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Last Updated: Wednesday, 14 December 2005, 16:48 GMT
Passage from India
By Ian Hughes

Stephen Constantine
Constantine is a highly respected coach around the world
Life in the Lions' Den was never going to be easy, but it is a challenge Stephen Constantine is relishing.

The former India manager recently agreed to stay as Millwall's first-team coach until the end of the season after initially being on trial for a month.

And despite the club being bottom of the Championship, Constantine is delighted to have been given the chance to prove himself in his home country.

Having gained a Uefa professional licence, an FA Psychology Award and an FA Coach Educator's Certificate, Constantine is one of the highest-qualified coaches England has to offer.

Yet, until he was offered the chance at Millwall - where he also manages the reserves, the 43-year-old had been forced to ply his trade abroad, including a successful three-year spell in charge of India, and a year in charge of Nepal.

Constantine told BBC Sport: "I had applied for a few jobs in England in the past.

"So I'm thankful to be given the opportunity at Millwall. It's nice to be here, working in England.

Managers can't be throwing teacups all the time - that works maybe once or twice in a season anyway
Stephen Constantine

"The manager Colin Lee thinks along the same lines as I do to a large degree - it's good to work with someone like that."

Both men believe in players spending three one-minute spells in ice baths after matches, for example, to aid recovery and prevent fatigue.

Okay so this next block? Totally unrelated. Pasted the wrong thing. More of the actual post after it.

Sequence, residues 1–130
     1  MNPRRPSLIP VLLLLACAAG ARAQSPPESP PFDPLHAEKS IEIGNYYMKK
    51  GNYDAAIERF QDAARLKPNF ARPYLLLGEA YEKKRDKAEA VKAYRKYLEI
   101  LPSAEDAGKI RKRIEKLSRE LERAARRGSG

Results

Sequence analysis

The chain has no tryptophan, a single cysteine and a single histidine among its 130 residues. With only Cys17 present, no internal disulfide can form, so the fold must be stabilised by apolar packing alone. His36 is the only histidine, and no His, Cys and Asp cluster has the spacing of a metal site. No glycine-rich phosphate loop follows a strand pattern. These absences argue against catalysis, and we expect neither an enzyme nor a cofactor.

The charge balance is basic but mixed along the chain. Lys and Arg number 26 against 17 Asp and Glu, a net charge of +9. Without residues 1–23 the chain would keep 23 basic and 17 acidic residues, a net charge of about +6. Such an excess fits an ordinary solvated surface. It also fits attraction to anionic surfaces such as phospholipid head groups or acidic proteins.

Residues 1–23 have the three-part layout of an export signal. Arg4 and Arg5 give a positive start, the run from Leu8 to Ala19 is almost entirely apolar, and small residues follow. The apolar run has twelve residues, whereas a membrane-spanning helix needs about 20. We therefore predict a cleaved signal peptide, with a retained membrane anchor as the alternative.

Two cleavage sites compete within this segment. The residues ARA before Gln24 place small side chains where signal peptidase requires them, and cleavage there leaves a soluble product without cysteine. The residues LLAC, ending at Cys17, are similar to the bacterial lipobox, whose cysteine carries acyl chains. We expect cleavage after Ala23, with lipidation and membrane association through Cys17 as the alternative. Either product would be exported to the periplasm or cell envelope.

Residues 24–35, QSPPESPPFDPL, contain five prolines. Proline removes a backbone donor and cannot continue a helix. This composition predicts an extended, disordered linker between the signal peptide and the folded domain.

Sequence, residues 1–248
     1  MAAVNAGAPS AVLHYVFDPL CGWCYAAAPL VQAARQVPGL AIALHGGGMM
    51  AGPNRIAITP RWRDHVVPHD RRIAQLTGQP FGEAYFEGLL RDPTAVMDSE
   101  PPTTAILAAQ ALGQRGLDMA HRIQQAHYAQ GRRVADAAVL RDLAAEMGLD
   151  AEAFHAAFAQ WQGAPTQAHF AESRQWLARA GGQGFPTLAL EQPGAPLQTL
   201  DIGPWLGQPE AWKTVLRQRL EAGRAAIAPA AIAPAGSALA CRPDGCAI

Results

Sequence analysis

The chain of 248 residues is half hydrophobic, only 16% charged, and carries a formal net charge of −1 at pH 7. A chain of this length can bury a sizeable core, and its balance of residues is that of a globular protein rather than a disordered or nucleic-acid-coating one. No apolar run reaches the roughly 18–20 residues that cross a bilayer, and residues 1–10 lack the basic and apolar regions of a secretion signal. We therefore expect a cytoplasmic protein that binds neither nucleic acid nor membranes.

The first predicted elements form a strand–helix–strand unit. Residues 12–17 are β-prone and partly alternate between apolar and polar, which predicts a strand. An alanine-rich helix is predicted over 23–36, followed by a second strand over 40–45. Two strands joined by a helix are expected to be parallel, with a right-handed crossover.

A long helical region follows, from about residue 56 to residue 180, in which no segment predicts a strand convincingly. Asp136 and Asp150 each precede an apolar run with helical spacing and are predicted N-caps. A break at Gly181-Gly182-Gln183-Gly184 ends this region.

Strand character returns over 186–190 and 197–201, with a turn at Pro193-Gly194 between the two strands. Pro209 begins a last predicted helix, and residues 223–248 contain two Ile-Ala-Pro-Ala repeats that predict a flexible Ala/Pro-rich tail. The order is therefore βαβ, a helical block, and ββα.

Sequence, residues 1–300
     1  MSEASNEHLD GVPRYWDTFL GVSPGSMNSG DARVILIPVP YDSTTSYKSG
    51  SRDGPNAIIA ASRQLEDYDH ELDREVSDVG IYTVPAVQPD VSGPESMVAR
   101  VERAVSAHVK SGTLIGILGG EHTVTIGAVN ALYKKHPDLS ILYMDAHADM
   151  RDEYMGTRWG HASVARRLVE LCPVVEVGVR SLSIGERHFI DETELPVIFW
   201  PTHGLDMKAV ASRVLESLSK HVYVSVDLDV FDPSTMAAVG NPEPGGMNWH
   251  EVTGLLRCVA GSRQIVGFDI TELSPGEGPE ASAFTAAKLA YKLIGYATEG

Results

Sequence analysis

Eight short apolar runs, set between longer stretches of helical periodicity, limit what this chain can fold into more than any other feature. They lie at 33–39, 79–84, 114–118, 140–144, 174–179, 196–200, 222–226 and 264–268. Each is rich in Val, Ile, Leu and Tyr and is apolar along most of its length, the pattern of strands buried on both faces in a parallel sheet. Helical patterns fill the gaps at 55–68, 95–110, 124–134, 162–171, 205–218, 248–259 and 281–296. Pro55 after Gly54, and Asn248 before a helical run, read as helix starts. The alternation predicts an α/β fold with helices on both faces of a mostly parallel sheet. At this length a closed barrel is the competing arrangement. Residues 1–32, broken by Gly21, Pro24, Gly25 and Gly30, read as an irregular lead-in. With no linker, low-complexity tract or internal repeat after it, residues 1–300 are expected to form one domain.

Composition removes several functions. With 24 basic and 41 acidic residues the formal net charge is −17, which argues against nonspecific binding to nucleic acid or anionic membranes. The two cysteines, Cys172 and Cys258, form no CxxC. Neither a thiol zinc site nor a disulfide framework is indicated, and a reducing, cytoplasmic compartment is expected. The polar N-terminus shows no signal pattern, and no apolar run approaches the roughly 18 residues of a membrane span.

Constantine revealed that some of the players were a little reluctant initially, and feels that is indicative of a slow-changing mindset in England.

"We are traditionalists in this country," he said. "And it can be hard trying to change from what has been done for so many years.

"It's a question of educating the players so they realise what is beneficial for them.

"It can be difficult to convince the players of the importance of doing certain things but once they realise it's for their benefit they accept it.

"The players who are committed to their profession want to do the best they can and play for as a long as possible."

Players are not the only ones who need to adapt, though, insists Constantine.

No longer does the football establishment believe a manager has had to play at the highest level to be a success - and players are beginning to feel the same.

And a new breed of coach, headed by the likes of Arsene Wenger at Arsenal and Jose Mourinho at Chelsea, has broken some age-old myths.

Arsene Wenger
Constantine would love to follow in Wenger's footsteps

Constantine said: "I think players are now starting to realise that the coach doesn't have to have been a big-time player himself to tell them what to do in a game.

"Of course a coach has to be knowledgeable in terms of football technique but it's not just about that.

"There are other factors, such as knowledge of psychology, fitness and diet.

"Managers are changing too - in the way they motivate and speak to their players.

"They can't be throwing teacups all the time. That works maybe once or twice anyway.

"It's about having awareness and being able to adapt to each person's needs."

Constantine hopes he has all bases covered and is determined to be successful as a coach in England, and eventually move into management.

He names Wenger as a man he really admires and the Frenchman's impact in England after arriving as a relative unknown must be an inspiration.

Perhaps one day Constantine, who admits to growing up as an Arsenal fan, could be the one in the Highbury hot-seat.


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